آیا تقسیم کار محدود به وسعت بازار است؟ مدارک و شواهد از شهرهای فرانسه
|کد مقاله||سال انتشار||مقاله انگلیسی||ترجمه فارسی||تعداد کلمات|
|19303||2011||16 صفحه PDF||سفارش دهید||محاسبه نشده|
Publisher : Elsevier - Science Direct (الزویر - ساینس دایرکت)
Journal : Journal of Urban Economics, Volume 69, Issue 1, January 2011, Pages 56–71
This paper provides supportive evidence to the notion that the division of labour is limited by the extent of the (local) market. We first propose a theoretical model. Its main prediction is that scarce specialists occupations are over-represented in large cities. Using census data for French cities, we find strong empirical support for this prediction.
Cities offer considerable efficiency advantages for production. This empirical observation already figured prominently in Adam Smith’s Wealth of Nations (1776) and in Alfred Marshall’s Principles (1890). Modern econometric studies confirm it. A doubling of city workforce is generally acknowledged to increase output per worker by 2–8% (see Rosenthal and Strange, 2004, for a comprehensive survey). To explain this fact, Smith (1776) put forward one specific mechanism that builds on three propositions. First, there are some efficiency benefits to the division of labour. Second, the extent of the market limits the division of labour. Third, transportation efficiency determines the extent of the market, making cities the ‘natural’ markets where the division of labour takes place.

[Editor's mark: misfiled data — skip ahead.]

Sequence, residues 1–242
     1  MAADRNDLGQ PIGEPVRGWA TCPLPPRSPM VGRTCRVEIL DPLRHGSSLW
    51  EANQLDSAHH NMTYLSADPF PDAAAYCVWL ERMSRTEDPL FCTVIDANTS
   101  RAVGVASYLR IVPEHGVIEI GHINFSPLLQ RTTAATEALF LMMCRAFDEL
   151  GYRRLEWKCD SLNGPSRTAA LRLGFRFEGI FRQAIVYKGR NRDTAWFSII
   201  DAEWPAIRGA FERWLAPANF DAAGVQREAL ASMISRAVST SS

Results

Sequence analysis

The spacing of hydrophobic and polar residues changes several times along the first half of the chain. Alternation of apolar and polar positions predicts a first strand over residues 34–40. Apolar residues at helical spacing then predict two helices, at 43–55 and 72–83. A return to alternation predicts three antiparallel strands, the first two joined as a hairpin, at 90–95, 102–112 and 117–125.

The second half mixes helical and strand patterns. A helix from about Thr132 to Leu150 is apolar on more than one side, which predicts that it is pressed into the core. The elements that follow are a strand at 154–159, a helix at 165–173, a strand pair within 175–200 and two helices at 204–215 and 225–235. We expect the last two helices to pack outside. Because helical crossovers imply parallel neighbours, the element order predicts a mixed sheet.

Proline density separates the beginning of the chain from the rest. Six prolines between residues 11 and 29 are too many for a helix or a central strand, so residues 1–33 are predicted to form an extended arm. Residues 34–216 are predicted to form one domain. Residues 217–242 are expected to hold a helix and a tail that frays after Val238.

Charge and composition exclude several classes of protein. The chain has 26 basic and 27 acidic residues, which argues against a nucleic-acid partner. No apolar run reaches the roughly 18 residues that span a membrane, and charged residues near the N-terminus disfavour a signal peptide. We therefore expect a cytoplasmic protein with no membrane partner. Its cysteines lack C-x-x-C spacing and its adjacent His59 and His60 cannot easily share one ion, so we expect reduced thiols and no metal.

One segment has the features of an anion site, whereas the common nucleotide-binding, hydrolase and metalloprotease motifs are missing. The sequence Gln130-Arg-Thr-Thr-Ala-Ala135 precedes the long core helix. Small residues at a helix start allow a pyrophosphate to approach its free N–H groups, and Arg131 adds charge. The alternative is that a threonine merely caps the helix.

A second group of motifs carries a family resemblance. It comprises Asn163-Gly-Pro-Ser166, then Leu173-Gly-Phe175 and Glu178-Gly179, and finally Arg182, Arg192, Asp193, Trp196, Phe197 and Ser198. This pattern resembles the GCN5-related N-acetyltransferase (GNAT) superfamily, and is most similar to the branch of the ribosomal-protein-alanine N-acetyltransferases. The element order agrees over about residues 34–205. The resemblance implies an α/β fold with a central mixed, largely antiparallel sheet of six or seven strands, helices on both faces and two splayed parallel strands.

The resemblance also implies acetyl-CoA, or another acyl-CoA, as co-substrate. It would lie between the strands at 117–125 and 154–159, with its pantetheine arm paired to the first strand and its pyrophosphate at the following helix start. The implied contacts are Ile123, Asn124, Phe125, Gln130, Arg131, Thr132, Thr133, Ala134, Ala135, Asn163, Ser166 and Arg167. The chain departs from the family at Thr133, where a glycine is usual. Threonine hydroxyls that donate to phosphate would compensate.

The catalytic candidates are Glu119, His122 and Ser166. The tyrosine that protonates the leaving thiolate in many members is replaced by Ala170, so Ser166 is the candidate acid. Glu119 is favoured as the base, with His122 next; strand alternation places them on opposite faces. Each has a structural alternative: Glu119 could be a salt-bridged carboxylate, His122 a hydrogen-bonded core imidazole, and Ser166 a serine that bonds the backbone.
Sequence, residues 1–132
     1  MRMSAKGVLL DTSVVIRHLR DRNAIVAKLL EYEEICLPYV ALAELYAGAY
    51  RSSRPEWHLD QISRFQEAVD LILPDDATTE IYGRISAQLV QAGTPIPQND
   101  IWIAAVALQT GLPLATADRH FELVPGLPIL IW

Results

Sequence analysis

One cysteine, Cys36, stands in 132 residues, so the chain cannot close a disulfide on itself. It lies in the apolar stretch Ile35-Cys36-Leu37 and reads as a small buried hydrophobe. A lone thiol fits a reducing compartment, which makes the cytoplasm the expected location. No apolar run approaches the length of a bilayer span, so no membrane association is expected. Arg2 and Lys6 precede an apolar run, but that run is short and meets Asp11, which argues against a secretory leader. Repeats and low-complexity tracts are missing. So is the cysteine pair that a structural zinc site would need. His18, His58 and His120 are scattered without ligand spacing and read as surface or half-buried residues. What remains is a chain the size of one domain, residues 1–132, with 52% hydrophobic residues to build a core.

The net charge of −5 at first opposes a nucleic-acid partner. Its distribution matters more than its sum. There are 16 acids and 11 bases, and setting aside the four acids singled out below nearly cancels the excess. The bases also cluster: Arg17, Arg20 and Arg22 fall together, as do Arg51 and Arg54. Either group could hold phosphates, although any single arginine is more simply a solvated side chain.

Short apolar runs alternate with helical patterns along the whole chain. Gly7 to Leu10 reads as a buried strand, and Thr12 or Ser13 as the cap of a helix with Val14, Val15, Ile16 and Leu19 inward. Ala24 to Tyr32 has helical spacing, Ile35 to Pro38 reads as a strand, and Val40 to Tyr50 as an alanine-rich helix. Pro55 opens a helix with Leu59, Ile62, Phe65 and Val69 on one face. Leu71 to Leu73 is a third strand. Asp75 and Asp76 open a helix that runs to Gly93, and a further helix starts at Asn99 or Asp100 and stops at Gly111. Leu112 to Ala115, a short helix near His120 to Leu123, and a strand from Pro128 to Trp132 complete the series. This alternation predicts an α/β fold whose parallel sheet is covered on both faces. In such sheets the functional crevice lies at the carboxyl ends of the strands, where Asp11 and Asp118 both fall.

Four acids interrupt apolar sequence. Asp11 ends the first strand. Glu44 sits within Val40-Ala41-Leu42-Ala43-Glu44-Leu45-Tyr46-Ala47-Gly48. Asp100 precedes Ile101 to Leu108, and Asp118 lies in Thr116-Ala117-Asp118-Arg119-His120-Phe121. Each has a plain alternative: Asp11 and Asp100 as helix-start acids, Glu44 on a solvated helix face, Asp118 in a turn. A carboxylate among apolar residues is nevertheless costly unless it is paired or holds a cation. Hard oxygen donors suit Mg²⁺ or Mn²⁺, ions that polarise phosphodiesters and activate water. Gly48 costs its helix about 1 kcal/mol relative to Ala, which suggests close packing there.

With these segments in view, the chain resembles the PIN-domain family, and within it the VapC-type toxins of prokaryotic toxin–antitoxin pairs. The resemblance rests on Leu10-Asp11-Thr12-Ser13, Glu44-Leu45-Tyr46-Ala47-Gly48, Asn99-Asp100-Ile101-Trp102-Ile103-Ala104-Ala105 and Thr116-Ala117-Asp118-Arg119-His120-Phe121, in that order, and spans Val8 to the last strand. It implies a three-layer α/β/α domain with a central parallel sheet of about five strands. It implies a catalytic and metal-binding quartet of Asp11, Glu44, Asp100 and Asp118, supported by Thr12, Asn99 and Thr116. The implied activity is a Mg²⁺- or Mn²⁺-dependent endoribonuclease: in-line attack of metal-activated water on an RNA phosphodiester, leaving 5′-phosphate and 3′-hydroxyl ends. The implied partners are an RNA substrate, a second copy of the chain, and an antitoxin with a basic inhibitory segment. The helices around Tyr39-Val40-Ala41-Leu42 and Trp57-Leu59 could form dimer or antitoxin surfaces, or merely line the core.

نتیجه گیری انگلیسی
Our paper starts from the observation that there is no immediate way to assess empirically how far the division of labour is limited by the extent of the market. Instead, we develop a model-based approach to explore this issue. Our theoretical model builds on the existence of small indivisibilities at the worker level. Its key prediction is that scarce specialist occupations should be over-represented in large cities. Using a large extract of the French census, we test this prediction successfully. We also verify that it is robust to a number of estimation issues such as measurement errors, our definition of scarcity, and alternative spatial units.